Skip to content
Join our Newsletter

A Closer Look at the Effects of Disability Discrimination

The second session of the Power in Pride Celebration conversation series analyzed the impacts that ableism can have on the disabled.
Photo: Tumblr

July 5 was the next session of the 2nd annual Power in Pride Celebration Conversation Series, hosted by Marie Dagenais-Lewis, an artist who is disabled and living with MHE, hEDS, ME/CFS, POTS, PTSD and HM. 

This conversation focused on exposing the ableist society. Ableism refers to when a person faces discrimination because of their disability.

Dagenais-Lewis started the conversation by sharing how ableism impacted her career aspirations. 

“I had all of these dreams to be the best director in New York by the age of 29. I felt like a failure because I couldn't reach those dreams,” she said. 

It took a while for her to understand that the source of failure was within the ableist society and ableism itself.

Lisa Lawrence is the Disability Resource Administrator for the Facebook support group of the nonprofit organization Speak Your Truth Today. She also has spina bifida, and she is a survivor of domestic violence. During the conversation, she shared how ableism affected her marriage and healthcare.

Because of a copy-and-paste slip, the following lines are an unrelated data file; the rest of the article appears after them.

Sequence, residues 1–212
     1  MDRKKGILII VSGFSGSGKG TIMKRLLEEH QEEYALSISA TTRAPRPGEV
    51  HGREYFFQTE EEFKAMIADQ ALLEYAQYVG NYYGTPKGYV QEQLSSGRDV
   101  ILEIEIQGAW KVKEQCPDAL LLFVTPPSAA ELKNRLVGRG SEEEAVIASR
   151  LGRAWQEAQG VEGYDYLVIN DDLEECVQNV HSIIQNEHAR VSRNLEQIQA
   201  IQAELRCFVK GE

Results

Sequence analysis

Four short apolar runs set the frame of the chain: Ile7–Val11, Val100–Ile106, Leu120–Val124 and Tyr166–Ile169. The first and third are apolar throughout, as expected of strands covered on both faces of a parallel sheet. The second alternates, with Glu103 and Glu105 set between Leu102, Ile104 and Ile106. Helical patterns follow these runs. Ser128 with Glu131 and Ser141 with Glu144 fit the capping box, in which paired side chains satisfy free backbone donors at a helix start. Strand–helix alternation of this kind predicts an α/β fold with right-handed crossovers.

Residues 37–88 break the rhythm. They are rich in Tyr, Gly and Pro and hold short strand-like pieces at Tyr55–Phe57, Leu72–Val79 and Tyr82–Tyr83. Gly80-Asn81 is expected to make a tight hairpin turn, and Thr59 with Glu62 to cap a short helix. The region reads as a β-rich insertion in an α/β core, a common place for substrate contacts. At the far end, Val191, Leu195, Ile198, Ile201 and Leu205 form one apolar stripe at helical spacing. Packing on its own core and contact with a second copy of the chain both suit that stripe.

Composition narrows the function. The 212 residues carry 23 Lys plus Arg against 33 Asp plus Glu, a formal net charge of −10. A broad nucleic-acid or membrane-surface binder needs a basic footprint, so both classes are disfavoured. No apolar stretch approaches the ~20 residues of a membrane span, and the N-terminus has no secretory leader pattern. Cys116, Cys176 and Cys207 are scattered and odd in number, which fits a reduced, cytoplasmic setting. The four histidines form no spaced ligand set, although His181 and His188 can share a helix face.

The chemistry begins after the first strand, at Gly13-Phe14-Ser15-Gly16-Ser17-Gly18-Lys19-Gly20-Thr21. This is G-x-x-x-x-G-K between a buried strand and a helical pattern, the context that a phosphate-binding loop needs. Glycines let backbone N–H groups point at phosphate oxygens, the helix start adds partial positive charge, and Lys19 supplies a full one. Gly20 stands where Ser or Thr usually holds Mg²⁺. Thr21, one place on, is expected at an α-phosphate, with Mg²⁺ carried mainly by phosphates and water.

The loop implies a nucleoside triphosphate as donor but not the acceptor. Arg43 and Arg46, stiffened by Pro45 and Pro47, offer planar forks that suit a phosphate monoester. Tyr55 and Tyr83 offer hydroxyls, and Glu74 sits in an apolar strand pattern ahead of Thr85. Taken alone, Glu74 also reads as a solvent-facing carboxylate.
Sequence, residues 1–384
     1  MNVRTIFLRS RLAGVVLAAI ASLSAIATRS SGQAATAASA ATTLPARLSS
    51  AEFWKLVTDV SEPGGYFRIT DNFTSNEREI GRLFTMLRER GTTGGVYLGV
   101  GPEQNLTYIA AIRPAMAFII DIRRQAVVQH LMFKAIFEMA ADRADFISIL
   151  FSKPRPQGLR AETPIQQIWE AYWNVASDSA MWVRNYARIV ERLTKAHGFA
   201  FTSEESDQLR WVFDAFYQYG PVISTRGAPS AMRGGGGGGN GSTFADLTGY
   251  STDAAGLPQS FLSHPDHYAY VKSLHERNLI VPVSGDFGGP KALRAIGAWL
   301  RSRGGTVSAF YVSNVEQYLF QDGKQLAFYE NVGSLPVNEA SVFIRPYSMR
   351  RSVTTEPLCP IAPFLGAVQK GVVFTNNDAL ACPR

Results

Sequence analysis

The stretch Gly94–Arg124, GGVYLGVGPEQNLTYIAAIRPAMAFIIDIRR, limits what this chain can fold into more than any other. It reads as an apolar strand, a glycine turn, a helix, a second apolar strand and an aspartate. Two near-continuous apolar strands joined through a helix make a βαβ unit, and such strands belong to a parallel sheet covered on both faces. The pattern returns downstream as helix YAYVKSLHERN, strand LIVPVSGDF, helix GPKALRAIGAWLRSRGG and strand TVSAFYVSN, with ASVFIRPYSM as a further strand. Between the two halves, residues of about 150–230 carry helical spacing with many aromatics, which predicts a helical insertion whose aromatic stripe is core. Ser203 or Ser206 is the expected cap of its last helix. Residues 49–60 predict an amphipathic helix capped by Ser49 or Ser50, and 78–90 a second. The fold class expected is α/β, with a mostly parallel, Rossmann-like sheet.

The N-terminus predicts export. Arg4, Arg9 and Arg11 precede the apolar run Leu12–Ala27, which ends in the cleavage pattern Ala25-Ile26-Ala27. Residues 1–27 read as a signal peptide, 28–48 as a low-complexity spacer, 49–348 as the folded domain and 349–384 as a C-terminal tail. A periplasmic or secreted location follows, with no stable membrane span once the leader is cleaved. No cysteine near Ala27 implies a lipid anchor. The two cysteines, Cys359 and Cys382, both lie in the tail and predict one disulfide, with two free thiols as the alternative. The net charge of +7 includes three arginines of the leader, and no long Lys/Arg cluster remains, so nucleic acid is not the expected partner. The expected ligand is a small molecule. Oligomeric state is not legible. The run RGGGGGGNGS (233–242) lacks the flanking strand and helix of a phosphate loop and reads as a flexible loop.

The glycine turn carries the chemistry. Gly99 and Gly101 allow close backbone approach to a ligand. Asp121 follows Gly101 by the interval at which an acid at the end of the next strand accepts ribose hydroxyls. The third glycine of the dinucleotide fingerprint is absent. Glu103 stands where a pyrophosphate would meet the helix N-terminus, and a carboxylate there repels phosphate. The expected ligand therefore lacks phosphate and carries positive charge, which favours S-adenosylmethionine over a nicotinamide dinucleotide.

Lawrence lost her Medicaid benefits once she got married. “When I made my first attempt to seek help, I sought help from the church that I was attending at the time. I already knew from working in the independent living room, that the local domestic violence facility was not accessible, she added. 

Additionally, Samantha Jade Duran is a Latina disability advocate, and she has Maffucci syndrome. She discussed in the conversation how ableism affects her ability to work, even with accommodations.  

Her previous co-workers would say that she used her disability as an excuse. Duran says that it is due to this discrimination that she is a Social Security recipient.

Additionally, Elena Anadolis is a New York based disability advocate with cerebral palsy. She discussed how ableism led to the death of her severely disabled twin sister. Her sister died in 2019 at the age of 34 from a stroke.

“The doctors saw the severity of her disability. They decided that it wasn't necessary to give her a preventative for a stroke,” she said.

Furthermore, Neil Hughes has multiple disabilities and uses a wheelchair. In public, people often ask him about who he is or what disability he has and turn away. 

“I'd like people to have the tolerance to see what it is to be disabled and the work that we do to survive in an ableist society, '' he said.

“I'm not surviving with disabilities. I'm surviving and adapting to these systems and I'm trying to subvert them,” he added.